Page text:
Wedge Issues

Some disinformation is obviously political, such as that targeting opposing parties. But other disinformation campaigns attempt to take political advantage of other rifts in societies, such as those rooted in ethnicity, religion, social class, and other markers of identity. This literature explores case studies on those wedge issues, including climate change, U.S. race tensions, and the anti-vaccine movement. 

Live Research Review


This Live Research Review is scheduled for publication in the coming months. In the meantime, you can find articles related to this topic in our Citation Library.

Latest News on Wedge Issues

LONDON — Questions about the British government’s failure to release a report on Russia’s interference in the country’s politics continued to dog Prime Minister Boris Johnson on Sunday as critics said leaks from the document raised concerns about the security of next month’s election. The report from Parliament’s intelligence committee concludes that Russian interference may […]

NPR’s Michel Martin speaks with Karen Kornbluh, senior fellow at The German Marshall Fund, about disinformation campaigns related to the impeachment hearings. MICHEL MARTIN, HOST: The first two public hearings in the impeachment inquiry this week generated a lot of online response, as you might expect. But we wondered if the hearings also generated a […]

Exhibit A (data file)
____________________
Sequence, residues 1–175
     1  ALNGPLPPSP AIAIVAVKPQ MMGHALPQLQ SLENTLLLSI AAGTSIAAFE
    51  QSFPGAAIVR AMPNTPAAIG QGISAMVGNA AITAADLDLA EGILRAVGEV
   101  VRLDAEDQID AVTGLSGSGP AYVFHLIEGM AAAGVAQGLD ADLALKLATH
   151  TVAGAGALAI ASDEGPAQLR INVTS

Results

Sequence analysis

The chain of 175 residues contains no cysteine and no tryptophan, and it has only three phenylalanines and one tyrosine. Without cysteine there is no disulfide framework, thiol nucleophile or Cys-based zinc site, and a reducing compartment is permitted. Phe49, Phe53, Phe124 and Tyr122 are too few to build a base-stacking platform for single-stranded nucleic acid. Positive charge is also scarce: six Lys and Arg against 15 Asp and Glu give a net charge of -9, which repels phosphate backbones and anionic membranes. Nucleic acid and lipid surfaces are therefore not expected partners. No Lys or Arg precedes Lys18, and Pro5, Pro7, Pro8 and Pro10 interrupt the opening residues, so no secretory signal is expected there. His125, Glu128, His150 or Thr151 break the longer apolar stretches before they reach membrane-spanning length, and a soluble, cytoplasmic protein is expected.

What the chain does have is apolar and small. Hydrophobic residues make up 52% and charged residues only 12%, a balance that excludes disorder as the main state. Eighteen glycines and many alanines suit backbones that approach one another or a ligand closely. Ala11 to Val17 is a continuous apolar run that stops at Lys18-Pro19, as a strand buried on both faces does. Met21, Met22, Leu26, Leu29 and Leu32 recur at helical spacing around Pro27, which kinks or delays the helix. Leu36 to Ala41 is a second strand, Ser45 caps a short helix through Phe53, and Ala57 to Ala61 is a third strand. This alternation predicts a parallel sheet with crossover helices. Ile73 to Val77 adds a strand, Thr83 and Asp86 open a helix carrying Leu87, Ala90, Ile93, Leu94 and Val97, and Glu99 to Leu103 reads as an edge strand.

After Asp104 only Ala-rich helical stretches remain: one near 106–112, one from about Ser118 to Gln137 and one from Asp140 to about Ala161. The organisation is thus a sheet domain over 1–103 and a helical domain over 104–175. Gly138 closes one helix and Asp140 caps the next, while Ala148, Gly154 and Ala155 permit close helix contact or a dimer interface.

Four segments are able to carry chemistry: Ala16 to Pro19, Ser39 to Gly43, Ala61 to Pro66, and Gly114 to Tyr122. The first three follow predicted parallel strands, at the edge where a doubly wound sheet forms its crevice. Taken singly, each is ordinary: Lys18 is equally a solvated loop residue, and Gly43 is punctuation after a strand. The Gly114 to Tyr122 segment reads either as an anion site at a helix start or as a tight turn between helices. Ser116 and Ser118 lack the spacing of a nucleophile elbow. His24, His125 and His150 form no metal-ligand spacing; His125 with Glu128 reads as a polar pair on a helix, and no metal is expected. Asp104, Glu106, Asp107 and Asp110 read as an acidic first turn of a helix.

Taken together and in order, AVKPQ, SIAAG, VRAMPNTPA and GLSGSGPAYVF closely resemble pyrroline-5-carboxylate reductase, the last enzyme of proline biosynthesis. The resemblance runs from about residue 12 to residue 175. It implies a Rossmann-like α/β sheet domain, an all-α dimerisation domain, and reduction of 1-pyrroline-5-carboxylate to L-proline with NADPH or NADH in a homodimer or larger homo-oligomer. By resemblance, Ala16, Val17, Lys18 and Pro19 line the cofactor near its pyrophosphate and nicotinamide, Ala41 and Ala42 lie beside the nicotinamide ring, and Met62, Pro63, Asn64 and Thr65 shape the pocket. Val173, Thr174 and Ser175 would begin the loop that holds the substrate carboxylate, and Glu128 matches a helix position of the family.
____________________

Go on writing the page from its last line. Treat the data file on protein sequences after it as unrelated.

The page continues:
Just two organizations were responsible for the majority of anti-vaccine advertisements on Facebook before the social media giant restricted such content in March of this year, according to a November 13 study in the journal Vaccine. Of 145 anti-vaccine Facebook advertisements that ran between May 31, 2017 and February 22, 2019, the World Mercury Project […]

Facebook has announced plans to reduce misinformation and foreign interference ahead of the UK general election. But its efforts are unlikely to make much of a difference. On 12 December, voters across the UK will go to the polls in the country’s first pre-Christmas election in nearly a century. As the fallout from the 2016 […]

It’s been over three years since the United Kingdom narrowly voted to leave the European Union in June 2016 – and the role the news media played during the referendum campaign, and during the subsequent negotiations, continues to be debated. People ask, for example, whether new forms of online communication swung the result in favour […]

Featured Scholars

University of North Carolina Chapel Hill
Associate Professor of Communication Studies in the College of Arts, Media and Design at Northeastern University
Colorado State University
Harvard Kennedy School, Technology and Social Change Research Project